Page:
Matthew Burton

Everything I Know About Giving Presentations I Learned from the Government

I love presenting, and I love critiquing other people’s presentations. I’m not Kawasaki or Conway, but I think I’m decent at it. Most of what I know is thanks to a two-week training course early in my government career, about four years ago. For 13 straight days, I watched a series of presenters stand up and make God-awful briefings. I kept myself awake by taking notes on their presentation styles. (Eventually, I ran out of criticisms, so I wrote down lyrics to Springsteen, The Who, Cream…) Therefore, most of the notes are on how NOT to give presentations. I’ve kept the notes in my desk since then. Here they are:

  1. Only use PowerPoint if absolutely necessary. Never use slides as cue cards. People don’t want to see your own notes. It distracts the audience and draws attention from what you’re saying. If you talk and show me word-filled slides at the same time, I try to read the slides and listen to you simultaneously. I end up doing neither.
  2. A slide deck full of bullet points is the hallmark of poor preparation and ignorance of the subject. If you really had a command of your subject, you wouldn’t need to read directly from your notes/slides.
  3. PowerPoint should be used in SUPPORT of a good talk, not instead of it. Use slides to clarify what you’re saying: show videos, animations (especially helpful when speaking on technical subjects).
  4. Don’t print out your slides and hand them to me. No matter what your slides are like, they are meaningless when they aren’t accompanied by your spoken words. If you want to give handouts, give me something written in standard prose. No bullet points. Remember, cue cards are called cue cards because they cue a thought in the mind of the presenter, who then fully explains the thought to the audience. I can’t extrapolate that thought from your brain simply by reading the cue.
  5. If you have any annoying habits (like saying “i.e.” every sentence like this guy does), find them and stop them.
  6. Don’t introduce your audience to a slew of new terminology and acronyms at the beginning of the presentation, and then use those terms continuously throughout the rest of the talk. You’ll leave your audience in the dust.
  7. Flowcharts: Never.
  8. Actually, flowcharts are okay if they actually show something flowing. But I don’t want to see where your office or component or directorate lies within a 26-node chain of bureaucratic nonsense. (It REALLY IS nonsense. The next time you see an organization chart in a presentation, see if you remember what it said afterward.)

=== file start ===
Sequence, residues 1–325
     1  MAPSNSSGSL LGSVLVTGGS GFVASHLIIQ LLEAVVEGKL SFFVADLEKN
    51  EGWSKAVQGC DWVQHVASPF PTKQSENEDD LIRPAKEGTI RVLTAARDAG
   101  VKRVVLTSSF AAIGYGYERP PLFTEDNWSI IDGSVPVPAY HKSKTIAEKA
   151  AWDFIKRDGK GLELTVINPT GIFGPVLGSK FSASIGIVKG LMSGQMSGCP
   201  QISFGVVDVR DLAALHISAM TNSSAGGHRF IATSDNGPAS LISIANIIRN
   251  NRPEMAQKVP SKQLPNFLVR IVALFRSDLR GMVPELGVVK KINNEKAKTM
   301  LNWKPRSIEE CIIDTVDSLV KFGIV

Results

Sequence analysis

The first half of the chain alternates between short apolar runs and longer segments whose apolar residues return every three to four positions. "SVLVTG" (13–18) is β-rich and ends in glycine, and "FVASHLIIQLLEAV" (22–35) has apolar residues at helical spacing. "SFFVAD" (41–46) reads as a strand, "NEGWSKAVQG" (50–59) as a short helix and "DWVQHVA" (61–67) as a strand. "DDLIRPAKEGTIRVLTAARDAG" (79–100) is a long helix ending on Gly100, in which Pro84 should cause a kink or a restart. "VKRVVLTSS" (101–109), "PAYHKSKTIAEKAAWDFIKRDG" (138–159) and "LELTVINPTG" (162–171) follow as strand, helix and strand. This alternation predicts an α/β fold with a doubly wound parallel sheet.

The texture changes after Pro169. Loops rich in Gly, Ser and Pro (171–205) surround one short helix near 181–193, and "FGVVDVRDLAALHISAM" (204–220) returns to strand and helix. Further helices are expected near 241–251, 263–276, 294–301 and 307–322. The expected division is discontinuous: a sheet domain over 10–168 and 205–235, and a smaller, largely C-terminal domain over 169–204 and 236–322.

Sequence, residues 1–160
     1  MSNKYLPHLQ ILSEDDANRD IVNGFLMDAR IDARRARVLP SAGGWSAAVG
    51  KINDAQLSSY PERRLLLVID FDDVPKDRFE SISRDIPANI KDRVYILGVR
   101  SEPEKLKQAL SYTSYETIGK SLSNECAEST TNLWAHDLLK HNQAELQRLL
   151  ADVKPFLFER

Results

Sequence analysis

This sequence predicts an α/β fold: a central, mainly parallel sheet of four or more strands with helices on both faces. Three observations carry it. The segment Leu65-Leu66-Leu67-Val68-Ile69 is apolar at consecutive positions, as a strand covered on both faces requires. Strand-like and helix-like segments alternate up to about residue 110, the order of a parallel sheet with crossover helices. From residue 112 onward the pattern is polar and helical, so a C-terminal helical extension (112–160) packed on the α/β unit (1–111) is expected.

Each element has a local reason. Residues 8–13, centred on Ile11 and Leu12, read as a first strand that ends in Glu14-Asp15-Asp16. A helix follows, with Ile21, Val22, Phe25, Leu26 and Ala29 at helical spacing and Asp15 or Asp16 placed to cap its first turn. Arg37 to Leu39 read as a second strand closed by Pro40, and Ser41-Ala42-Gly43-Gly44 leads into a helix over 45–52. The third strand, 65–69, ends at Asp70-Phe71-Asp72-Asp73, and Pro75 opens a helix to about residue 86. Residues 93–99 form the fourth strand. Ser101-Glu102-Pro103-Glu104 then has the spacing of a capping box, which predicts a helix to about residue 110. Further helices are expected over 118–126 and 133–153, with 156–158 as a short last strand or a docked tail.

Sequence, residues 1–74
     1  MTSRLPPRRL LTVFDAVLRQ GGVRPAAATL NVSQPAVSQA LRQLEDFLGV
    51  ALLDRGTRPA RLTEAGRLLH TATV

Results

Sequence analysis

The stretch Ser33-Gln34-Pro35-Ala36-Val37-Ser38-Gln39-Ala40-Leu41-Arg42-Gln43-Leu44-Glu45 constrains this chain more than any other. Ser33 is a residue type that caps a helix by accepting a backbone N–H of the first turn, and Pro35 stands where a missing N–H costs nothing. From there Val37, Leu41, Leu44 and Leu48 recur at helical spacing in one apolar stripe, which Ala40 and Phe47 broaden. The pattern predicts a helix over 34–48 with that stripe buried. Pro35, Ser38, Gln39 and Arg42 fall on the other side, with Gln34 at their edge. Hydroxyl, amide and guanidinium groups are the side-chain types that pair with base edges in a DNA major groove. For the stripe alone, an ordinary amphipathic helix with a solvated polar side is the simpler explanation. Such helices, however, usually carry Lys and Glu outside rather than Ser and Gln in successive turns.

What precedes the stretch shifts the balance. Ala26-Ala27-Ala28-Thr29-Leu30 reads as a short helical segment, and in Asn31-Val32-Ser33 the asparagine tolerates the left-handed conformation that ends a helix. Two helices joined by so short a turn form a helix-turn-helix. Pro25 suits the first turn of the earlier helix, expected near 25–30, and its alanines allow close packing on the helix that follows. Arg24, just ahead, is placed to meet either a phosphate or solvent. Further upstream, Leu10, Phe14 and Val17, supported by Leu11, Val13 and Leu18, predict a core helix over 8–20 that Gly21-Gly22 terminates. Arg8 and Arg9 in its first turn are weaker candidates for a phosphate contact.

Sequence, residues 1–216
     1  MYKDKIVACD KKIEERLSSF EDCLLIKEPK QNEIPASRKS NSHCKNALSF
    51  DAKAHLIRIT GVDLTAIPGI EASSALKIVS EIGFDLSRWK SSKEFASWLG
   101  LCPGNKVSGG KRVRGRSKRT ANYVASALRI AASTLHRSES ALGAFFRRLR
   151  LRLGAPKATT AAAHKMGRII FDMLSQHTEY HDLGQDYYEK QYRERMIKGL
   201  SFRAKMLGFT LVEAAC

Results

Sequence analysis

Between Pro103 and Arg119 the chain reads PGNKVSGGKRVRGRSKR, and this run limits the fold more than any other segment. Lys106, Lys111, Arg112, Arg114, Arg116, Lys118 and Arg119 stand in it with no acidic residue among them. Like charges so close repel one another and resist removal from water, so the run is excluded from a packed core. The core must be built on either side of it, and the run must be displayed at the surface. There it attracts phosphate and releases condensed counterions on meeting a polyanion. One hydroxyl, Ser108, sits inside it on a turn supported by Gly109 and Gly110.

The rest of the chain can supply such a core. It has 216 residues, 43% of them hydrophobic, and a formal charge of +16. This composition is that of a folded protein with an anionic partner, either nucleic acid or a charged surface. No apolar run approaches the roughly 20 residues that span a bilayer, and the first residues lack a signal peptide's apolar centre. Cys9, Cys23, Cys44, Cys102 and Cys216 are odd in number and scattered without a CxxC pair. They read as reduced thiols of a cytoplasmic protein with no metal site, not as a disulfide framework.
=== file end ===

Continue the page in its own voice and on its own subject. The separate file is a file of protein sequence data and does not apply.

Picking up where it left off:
9. If someone asks a question you can’t answer, that’s fine. Tell the person you’ll find out the answer and then let them know later: “Here’s my email address. Remind me and I’ll find out for you.” You’ll instantly connect with your audience if you do that.
  10. Using people’s names does amazing things for the audience’s attention span and interest in your topic.
  11. If you’re unsure whether people will find your talk interesting, ask yourself: if this were on TV, would I watch it? (When I wrote this, it seemed odd–who would ever watch a presentation on TV?–but now, I do: 1 2 3.)
  12. Easy one: don’t condescend. The moment you do that, your audience is gone.
  13. Retractable pointers: No.
  14. Same goes for podiums.
  15. Here’s a good technique: tell your audience that at the end of your talk, you’re going to go around the room and demand a question from everyone. It keeps them engaged and lets them know they’re more important than you are. Not everyone can pull this off gracefully, though. Do it wrong, and you look like a jackass.
  16. Don’t give me a bunch of numbers unless they’re abnormal. The audience won’t remember the precise numbers anyway. I can handle a couple of numbers if you explain their significance. But don’t bother telling me how many tanks, helicopters, cargo planes, parachutes and cooks you have.
  17. It’s okay to speak from a script. But do NOT read it. Be natural. Do it in a way that keeps the audience from knowing it’s a script.

Some of the bad habits became repeated, hence the brevity of the list considering the time span. One last note: I was very frustrated when I wrote these, so that probably shines through…

Categories: Ideas & Thoughts

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1 Comment

  1. Good rules of thumb. Re. #1, though, PowerPoint is here to stay, Edward Tufte notwithstanding, and the aim should be to teach people how to use it more effectively rather than “only if absolutely necessary.” Your overall approach is proper — know what you’re talking about and use visuals to reinforce it. Re. #4, good objective but really a non-starter these days. EVERY conference organizer wants your slides in advance, to copy & distribute. So slides with sparse text are good because they leave lots of space for note-taking.

    Ralph Hitchens
    ex-DOE Intelligence & Army Intelligence

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